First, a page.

With a population of over 32 million, literacy rates in Morocco stand at an average of 56%, representing over 10 million people lacking basic literacy skills. With literacy programmes frequently being carried out in urban areas, opportunities for women in poor rural areas to acquire these skills are relatively few and far between. Despite the lack of education opportunities, rural women are quite active in the agricultural sector, especially in the Argan oil trade which is unique to the country.
In 2003, the association Ibn Al Baytar (AIB) introduced a quite innovative approach to address the shortage of literacy programs in rural areas by including literacy classes with income generating activities in its programs that aim to bring together social and economic progress with the preservation of the environment.
This particular initiative targeted Women’s Cooperatives producing Argan oil. This came to benefit over 3000 women in the Argan trade, but a diagnostic study in 2006 brought to light that the need to consolidate literacy skills was being overlooked, also the fact that many of the women spoke Berber and weren´t benefiting from the Arabic literacy programs. This led to the implementation in 2008 of a new literacy programme designed to address these needs in Amazigh, a Berber language spoken by the women participating in it.
The programme is implemented in five provinces of the region Souss Massa Draa in central Morocco. Each year 240 women and girls from rural areas participate in the programme with a total of over 480 rural women benefiting from it since its inception. The programme is first literacy programme in Morocco to produce and use audio-visual material in the Amazigh language, and it aims at making the Argan trade´s women aware of the importance of environmental protection and preservation by:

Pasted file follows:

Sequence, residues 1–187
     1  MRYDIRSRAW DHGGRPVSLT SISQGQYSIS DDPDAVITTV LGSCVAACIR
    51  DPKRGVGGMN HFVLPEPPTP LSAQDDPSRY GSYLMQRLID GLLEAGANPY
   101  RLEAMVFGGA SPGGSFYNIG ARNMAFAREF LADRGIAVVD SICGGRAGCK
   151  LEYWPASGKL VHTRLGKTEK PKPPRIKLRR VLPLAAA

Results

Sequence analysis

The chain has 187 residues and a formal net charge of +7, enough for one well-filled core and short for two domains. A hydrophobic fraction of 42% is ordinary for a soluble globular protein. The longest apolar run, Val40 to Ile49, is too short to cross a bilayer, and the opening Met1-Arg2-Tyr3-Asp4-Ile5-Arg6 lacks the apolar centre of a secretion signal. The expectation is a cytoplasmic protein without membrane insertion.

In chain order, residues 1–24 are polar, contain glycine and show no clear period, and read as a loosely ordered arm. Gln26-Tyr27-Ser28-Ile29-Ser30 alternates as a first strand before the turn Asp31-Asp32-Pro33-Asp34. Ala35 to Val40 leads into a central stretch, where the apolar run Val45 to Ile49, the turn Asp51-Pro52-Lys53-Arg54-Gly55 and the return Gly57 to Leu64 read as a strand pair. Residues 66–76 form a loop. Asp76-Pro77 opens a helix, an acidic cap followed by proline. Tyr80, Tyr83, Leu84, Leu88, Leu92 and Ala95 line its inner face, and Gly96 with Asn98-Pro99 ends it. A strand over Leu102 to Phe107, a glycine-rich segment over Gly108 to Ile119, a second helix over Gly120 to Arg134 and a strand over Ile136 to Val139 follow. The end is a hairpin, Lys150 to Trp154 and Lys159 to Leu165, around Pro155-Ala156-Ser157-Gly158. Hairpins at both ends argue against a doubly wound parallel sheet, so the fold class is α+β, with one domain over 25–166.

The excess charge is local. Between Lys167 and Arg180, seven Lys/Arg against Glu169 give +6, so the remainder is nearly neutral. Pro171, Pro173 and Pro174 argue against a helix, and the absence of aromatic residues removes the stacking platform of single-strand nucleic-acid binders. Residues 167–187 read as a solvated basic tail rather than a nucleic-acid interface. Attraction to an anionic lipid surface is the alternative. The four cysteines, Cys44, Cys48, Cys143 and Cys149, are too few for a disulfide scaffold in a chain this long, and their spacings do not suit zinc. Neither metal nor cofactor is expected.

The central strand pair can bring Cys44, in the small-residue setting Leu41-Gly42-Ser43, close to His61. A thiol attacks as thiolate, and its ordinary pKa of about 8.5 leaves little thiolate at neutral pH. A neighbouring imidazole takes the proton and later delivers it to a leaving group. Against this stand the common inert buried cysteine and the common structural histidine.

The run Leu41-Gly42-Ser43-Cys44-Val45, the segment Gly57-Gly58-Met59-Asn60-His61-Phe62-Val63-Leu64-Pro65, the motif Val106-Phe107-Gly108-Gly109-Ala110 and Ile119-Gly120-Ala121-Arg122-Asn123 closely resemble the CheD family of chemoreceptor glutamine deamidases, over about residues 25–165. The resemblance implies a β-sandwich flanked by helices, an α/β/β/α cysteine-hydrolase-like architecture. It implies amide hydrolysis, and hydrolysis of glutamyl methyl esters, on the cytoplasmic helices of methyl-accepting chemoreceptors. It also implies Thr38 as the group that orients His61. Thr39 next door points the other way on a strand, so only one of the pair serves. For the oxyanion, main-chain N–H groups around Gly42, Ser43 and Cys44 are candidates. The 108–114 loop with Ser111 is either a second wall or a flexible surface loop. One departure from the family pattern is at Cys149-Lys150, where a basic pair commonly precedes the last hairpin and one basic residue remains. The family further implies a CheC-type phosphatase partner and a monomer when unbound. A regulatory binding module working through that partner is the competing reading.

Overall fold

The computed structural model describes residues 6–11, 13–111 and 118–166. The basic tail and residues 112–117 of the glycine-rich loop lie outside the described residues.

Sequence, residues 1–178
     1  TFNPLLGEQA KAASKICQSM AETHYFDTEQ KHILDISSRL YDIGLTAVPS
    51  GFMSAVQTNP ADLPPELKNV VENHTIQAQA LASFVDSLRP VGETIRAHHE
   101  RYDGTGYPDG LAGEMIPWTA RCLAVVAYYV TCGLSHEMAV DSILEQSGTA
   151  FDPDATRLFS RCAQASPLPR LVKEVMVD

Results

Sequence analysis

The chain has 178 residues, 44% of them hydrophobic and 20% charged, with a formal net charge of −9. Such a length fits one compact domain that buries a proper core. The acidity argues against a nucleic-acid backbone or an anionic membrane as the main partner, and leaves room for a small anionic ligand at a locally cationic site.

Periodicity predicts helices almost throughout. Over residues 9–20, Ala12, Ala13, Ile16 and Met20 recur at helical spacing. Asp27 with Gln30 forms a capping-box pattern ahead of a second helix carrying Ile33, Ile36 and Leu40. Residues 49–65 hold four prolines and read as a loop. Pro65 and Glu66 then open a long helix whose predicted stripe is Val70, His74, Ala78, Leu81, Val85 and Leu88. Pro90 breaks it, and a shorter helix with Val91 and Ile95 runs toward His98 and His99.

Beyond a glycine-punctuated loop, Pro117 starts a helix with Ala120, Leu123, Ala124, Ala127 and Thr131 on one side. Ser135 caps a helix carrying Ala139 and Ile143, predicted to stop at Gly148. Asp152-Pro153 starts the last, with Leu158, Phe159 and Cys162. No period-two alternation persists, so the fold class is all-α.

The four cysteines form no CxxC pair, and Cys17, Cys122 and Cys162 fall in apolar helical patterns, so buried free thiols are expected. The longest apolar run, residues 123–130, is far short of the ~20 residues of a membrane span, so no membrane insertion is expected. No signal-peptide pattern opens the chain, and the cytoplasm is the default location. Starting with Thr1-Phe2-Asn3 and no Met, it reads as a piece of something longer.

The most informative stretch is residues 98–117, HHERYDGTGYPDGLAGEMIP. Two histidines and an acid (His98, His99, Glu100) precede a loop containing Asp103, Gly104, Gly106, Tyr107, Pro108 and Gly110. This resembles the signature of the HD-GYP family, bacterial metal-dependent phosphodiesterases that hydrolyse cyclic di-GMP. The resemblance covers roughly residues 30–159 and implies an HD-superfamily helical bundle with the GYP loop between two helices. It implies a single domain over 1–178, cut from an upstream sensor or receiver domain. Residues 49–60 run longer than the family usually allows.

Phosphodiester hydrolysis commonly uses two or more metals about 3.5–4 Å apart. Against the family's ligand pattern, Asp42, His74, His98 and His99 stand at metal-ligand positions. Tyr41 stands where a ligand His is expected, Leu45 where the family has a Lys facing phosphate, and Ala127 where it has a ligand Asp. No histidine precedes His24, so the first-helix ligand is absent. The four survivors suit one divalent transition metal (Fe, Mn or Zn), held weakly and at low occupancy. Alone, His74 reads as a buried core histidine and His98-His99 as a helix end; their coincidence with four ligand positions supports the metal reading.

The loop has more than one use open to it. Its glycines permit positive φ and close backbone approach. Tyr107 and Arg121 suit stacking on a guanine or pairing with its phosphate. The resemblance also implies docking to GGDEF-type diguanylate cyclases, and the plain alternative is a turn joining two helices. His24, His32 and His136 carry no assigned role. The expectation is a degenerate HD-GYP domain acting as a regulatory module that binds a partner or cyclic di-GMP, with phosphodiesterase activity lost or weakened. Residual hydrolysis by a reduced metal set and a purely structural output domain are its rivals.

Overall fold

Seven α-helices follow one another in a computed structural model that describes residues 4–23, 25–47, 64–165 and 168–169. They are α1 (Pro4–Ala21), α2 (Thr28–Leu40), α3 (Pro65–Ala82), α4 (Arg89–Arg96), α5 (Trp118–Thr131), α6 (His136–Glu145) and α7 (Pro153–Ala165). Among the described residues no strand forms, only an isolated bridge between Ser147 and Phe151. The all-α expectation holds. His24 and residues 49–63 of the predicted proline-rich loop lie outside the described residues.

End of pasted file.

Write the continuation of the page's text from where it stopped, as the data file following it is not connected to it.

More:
Attached you find a very interesting documentary on this program by SBS Australia
This platform is part of the Axis 1 “Strengthening the capacities of equality actors” of the Priority Solidarity Fund “Women for the future in the Mediterranean” funded by the French Ministry of Foreign Affairs and International Development and led by the European Institute of the Mediterranean, in the framework of the project “Developing Women’s Empowerment” labelled by the Union for the Mediterranean.